September 23rd came and went, and many of you probably don't even remember why that's an important date. That's normal, after all – it has been a while since, 5 years ago, the world saw the unveiling of the first Android handset – the HTC Dream, widely known as the T-Mobile G1. The G1 was a huge success – it sold more than a million units in the States alone in the first 6 months. No, it wasn't as big as Apple's juggernaut – 1.6 million iPhone 3G sold in just 3 months in the US of A – but that has dramatically changed over the years -- Android now runs on over a billion devices.
Depending on the perspective, 5 years may appear like a long time to some people. If you think about the rate at which progress has historically occurred, however, then you may just understand what we mean by saying that Android, including the immediate ecosystem of hardware, tech, media and whatnot that surrounds it, has made giant leaps from what the platform represented just 5 years ago.
But, are we throwing around baseless superlatives as far as Google's OS is concerned? We'll let fact speak for themselves, though for the sake of being objective, the following advancements can't be solely credited to Mountain View, despite its undeniable involvement in shaping the market -- rivals or friends, numerous companies have made their contribution.
So what did change? In five years, we've gone from a lowly HVGA resolution of 320x480 to what has shaped as the industry standard of 1920x1080 today. The G1 had a screen real estate of just 3.2-inches – unacceptable for most today, with preferences now firmly entrenched in the 4.5- to 5-inch bracket. Processing capabilities? Through the roof! We went from single-core processors with third the clock speed of modern chips to quad-core chipsets that house CPU's that are now running at 1.5GHz and above. And the supporting ecosystem? It went from just 35 apps with the very first Android 1.0 to over a billion today and the number of manufacturers involved in the production of Android-based devices is now beyond count.
So what did change in Android through those 5 years? Let's take a look.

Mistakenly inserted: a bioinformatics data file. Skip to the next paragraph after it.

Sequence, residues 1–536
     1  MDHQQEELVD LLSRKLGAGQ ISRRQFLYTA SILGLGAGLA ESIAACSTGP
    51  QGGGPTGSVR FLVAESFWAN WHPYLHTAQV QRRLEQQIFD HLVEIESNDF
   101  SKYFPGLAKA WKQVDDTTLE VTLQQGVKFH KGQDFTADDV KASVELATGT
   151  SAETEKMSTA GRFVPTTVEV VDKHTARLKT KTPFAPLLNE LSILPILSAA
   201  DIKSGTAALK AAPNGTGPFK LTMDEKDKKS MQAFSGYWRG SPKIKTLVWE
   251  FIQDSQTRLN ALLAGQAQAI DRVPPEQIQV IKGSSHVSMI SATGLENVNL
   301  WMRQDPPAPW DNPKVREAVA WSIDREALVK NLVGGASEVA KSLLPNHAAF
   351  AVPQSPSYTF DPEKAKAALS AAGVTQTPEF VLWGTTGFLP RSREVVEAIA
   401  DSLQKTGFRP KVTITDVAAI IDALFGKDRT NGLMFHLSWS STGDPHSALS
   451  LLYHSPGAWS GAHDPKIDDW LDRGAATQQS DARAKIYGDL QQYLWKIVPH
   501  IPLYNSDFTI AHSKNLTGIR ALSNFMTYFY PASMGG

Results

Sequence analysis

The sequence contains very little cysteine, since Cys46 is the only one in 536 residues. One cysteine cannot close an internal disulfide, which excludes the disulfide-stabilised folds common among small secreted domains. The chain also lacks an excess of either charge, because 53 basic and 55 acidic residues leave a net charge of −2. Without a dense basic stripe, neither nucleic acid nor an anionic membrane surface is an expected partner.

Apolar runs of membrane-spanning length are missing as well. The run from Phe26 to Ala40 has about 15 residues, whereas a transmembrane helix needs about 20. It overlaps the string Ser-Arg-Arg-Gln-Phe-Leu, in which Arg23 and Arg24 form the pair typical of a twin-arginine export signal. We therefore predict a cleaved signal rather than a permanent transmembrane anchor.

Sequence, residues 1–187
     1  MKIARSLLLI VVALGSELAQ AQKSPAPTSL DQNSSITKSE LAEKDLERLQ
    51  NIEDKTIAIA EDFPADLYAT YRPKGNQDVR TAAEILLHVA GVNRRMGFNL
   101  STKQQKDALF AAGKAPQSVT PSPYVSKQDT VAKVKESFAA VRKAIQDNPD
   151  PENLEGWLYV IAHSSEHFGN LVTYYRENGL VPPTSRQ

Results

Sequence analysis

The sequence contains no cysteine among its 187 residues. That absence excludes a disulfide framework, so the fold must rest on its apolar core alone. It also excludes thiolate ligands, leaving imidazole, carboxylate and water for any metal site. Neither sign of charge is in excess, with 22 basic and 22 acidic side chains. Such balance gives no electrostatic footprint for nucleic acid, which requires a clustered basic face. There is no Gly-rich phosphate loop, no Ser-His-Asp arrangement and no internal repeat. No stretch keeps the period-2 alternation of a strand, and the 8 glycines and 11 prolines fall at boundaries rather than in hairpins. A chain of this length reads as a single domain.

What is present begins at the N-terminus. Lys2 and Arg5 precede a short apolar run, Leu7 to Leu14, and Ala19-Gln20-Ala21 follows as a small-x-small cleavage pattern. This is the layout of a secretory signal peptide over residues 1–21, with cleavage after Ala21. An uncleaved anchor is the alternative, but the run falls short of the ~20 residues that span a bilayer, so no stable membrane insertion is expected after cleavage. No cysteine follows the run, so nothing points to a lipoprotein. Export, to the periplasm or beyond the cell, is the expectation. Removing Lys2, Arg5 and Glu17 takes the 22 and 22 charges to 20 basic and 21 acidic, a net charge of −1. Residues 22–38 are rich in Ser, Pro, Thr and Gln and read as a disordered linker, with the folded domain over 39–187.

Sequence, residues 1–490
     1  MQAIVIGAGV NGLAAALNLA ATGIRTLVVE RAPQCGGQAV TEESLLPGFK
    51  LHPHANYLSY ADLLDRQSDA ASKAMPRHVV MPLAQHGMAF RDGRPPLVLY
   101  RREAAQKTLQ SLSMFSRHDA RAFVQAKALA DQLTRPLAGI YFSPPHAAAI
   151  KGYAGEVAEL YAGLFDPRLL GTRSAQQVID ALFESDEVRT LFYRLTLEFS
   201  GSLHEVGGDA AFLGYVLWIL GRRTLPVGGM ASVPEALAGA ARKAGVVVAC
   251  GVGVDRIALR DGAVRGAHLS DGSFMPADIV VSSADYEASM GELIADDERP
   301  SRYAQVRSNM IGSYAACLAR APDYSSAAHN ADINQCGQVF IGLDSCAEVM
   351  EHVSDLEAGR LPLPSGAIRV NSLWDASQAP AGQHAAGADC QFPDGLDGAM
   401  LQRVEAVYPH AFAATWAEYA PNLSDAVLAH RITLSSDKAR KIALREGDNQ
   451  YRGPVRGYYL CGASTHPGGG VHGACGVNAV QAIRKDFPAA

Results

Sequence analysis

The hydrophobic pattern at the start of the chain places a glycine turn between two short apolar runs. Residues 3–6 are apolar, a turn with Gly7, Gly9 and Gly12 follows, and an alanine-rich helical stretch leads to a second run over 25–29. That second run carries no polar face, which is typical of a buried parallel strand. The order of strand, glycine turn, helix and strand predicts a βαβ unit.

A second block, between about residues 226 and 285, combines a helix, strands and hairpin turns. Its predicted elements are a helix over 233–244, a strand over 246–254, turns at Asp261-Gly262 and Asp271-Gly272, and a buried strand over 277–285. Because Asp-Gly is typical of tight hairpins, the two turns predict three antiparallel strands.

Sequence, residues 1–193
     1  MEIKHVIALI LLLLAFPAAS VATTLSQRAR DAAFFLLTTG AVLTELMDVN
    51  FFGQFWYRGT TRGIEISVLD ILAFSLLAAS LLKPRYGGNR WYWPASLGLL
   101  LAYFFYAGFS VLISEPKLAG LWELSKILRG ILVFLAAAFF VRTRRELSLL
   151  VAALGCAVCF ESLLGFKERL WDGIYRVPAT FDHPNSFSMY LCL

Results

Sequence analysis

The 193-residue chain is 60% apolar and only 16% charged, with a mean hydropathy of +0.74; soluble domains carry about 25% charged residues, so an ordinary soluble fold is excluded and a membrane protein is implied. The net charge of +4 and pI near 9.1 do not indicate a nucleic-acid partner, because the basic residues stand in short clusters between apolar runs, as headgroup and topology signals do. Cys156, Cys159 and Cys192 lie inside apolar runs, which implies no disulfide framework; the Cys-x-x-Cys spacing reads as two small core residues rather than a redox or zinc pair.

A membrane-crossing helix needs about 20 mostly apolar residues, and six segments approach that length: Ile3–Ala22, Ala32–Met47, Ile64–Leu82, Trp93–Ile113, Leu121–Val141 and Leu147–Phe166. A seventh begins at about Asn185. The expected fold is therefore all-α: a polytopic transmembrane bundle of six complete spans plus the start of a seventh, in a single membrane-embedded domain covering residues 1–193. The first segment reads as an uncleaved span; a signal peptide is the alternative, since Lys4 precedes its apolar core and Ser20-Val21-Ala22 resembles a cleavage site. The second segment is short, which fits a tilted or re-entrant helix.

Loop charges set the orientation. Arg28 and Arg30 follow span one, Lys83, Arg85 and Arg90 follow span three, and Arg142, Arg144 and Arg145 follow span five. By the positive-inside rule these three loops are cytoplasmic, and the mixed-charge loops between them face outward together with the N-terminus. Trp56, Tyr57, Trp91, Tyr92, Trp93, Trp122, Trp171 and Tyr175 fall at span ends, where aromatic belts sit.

The Evolution of Android
1. It all began with Android 1.0
What Android 1.0 lacked includes a full-fledged player for media playback, a camcorder, proper Bluetooth support, among others.
2. Android 1.5 Cupcake
As trivial as it may sound today, back then seemingly obvious options such as screen rotation, deleting multiple photos and copy-pasting weren't properly (or at all) included until Cupcake. Other notable features of Android 1.5 Cupcake include the introduction of widgets, a much improved camera app that now could switch back and forth between camcorder and camera seamlessly and support for third-party virtual keyboards.
3. Android 1.6 Donut
4. Android 2.0/2.1 Eclair
5. Android 2.2 Froyo
But, that was hardly all that was new. Google also added Adobe Flash 10.1 support, FM Radio support, improvements to OpenGL API that made gaming smoother and overall better. On the hardware front, Froyo brought along support for 720p screens.
6. Android 2.3 Gingerbread
Apps were also made easier to manage, thanks to the inclusion of an App Manager, not to mention how much better power management got.
7. Android 3.0/3.1/3.2 Honeycomb
The new OS came with a new Tablet UI, optimized for use on slates, revamped widgets and better multitasking, video chat via Google Talk (now Hangouts) and Bluetooth tethering.
Subsequent Honeycomb versions added support for peripherals, such as keyboards and gaming pads, allowed you to resize widgets for the first time and introduced a swath of bug fixes.
8. Android 4.0 Ice Cream
Face lock was added, along with it also came the Data Usage section, Android Beam, 1080p video recording and widget management.
9. Android 4.1/4.2/4.3 Jelly Bean
Later versions of Jelly Bean didn't disappoint either – “Photo Sphere” type panorama photos were now supported, the lock screen also got improved – you can now add widgets to it. Other notable additions include: Quick Settings, Bluetooth Low Energy support, OpenGL 3.0, 4K resolution support and many security and performance enhancements.
source: Carlos Hernandez (G+)